2. See the chart on pages 2-5 of Handout 4.5.
  3. Your answer should mention resources for Aaron, as well as ways in which Aaron has a right to participate in the process of little Aaron’s education.

Activity 4.10a: Consider experience-based knowledge

  1. Encourage hope; allow families to express their perspectives.
  2. Highlight children’s strengths; view the child as a whole with the special need as only one aspect of the child; increase your comfort in talking with parents and don’t take parents’ expressions of strong emotion as personal criticisms of you.
  3. Listen to parents before giving advice; put yourself in the parents’ shoes; strive to collaborate with parents.
  4. Guide and support parents to be advocates for their children; understand that parents have many responsibilities; respect family diversity and decisions that may differ from yours.
  5. Understand that parents may see you as an expert and encourage parents to make suggestions, too; always involve parents in making decisions about their children.

Activity 4.11a: Consider the unique contexts

  1. Your answer should mention the type of program, and China’s attitudes and beliefs (what is she thinking about Aaron and little Aaron?).
  2. Your answer should mention Aaron’s strengths as well as his needs and preferences (what is he thinking about the program and China?).
  3. Personal reflection.

Activity 4.12a: Use evidence-based practice decision-making

  1.  
    1. See the Bottomline on Handout 4.4: Research Summary on Family-Centered Helpgiving Practices.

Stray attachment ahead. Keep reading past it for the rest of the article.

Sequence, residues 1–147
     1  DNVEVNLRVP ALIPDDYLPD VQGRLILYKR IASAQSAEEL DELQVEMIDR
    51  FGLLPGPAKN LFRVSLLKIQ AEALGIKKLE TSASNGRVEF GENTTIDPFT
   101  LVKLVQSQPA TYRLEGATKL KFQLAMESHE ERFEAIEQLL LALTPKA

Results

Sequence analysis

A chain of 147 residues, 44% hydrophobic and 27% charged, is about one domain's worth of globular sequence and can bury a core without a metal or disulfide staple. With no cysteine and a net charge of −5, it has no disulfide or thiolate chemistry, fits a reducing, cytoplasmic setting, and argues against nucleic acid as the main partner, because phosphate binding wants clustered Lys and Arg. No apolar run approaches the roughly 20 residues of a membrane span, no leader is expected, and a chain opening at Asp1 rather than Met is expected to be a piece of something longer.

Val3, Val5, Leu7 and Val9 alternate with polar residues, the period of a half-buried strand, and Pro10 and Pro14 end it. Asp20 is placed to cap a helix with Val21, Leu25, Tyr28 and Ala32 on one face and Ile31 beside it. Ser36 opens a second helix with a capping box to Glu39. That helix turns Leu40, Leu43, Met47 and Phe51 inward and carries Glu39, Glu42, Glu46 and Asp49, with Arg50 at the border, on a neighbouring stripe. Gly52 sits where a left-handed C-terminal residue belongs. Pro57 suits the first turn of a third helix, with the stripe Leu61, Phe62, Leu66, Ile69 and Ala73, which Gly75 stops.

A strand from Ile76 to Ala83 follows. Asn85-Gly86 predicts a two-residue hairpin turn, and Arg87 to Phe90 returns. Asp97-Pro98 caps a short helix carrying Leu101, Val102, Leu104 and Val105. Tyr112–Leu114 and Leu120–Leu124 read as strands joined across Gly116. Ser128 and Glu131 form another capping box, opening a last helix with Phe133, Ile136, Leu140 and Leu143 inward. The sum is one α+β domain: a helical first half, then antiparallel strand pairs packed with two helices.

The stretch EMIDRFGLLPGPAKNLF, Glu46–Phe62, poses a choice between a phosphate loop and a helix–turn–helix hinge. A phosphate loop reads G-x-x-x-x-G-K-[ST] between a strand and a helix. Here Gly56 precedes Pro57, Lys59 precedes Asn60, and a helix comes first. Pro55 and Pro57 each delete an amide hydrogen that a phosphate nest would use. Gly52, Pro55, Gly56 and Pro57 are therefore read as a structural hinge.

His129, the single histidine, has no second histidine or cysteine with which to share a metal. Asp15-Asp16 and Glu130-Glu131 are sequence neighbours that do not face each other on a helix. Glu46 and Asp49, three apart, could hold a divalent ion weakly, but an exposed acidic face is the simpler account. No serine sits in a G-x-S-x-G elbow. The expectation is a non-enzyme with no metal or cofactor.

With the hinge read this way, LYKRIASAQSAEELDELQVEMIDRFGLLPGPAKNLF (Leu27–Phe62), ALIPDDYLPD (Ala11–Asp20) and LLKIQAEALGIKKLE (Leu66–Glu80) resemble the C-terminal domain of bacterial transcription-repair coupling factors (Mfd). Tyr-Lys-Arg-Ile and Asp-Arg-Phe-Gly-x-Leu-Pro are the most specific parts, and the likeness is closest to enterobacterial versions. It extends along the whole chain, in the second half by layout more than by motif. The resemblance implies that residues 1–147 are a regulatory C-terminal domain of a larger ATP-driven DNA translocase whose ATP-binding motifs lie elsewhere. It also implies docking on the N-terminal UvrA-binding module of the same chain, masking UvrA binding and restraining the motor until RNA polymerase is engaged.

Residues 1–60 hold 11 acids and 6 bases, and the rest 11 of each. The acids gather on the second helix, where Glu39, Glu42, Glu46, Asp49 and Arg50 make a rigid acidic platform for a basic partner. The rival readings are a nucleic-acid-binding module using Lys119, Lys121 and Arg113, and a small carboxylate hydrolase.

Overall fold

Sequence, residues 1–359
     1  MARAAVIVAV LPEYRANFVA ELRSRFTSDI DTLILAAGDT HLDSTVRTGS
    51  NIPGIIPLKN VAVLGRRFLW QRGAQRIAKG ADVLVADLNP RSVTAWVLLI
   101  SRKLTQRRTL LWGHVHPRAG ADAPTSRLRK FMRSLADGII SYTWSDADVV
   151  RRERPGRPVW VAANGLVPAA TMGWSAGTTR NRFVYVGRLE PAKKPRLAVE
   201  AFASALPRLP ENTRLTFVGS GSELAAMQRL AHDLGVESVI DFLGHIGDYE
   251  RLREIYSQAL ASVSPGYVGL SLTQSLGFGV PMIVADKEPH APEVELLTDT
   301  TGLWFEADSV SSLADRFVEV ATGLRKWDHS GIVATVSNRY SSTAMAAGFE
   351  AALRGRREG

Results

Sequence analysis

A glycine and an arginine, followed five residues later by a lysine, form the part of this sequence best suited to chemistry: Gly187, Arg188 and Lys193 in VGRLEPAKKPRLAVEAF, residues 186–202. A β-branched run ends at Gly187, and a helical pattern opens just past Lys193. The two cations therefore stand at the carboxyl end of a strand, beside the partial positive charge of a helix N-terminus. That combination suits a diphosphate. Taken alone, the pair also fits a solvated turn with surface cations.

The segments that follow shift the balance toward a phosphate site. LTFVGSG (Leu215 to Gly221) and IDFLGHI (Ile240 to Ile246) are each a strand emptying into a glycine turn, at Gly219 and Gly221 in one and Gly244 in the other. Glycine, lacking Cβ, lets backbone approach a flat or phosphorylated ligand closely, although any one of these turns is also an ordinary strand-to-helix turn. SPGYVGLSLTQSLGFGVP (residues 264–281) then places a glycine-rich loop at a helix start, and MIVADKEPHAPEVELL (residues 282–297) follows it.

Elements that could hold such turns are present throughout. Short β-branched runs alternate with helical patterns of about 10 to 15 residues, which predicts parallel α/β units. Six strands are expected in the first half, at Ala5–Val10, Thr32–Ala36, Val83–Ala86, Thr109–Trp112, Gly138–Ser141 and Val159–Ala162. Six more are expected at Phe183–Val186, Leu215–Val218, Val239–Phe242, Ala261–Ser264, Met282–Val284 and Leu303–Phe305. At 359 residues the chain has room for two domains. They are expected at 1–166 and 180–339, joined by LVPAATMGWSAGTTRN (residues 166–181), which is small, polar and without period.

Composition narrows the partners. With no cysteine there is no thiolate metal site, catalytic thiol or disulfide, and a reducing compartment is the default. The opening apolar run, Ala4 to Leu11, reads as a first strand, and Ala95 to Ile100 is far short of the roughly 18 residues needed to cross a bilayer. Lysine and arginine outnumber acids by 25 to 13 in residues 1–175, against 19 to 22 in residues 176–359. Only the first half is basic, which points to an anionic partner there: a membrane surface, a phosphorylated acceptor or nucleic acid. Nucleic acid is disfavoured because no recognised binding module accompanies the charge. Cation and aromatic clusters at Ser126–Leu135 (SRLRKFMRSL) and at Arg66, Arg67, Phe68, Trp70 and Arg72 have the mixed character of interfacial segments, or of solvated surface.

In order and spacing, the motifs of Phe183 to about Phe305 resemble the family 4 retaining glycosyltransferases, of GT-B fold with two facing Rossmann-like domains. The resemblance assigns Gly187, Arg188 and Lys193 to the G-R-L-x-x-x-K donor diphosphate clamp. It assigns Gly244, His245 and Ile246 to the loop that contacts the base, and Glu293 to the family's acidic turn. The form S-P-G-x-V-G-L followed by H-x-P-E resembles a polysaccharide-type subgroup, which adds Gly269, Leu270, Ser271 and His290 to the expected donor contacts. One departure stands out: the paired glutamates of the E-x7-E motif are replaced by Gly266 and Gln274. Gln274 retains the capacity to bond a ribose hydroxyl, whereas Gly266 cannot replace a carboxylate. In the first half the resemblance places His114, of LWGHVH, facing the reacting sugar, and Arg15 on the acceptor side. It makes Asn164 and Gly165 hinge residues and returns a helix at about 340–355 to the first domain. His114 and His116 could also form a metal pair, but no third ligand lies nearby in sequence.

2. What do the Head Start Performance Standards and IDEA say about involving families, especially relating to making decisions about their children?
    3. Listen to families, try to understand their perspectives, tell families their views are important and help families advocate for their children.
  2. Your answer should mention program characteristics and China’s attitudes and beliefs.
  3. Although China speaks to Aaron, she has not yet had conversations with him to get to know what is important to him and to learn more about his family story. What phase of building a trusting partnership best describes their current relationship?
  4. The research is somewhat relevant to the program and family context. National policies emphasize collaborating with families and involving families in decision-making about their children. Respected experts emphasize listening to families, trying to understand their perspectives, and involving families in decisions about their children. Given the weight of the evidence and the current phase of China and Aaron’s partnership, a recommendation could be for China to […].

Activity 4.13a: Create an implementation plan to develop a trusting partnership with Aaron

  1. See the Beginning ground column on Handout 4.1: Partnership-Oriented Practices: Examples and Applications.
  2. See the Middle ground column on Handout 4.1
  3. See the Firm ground column on Handout 4.1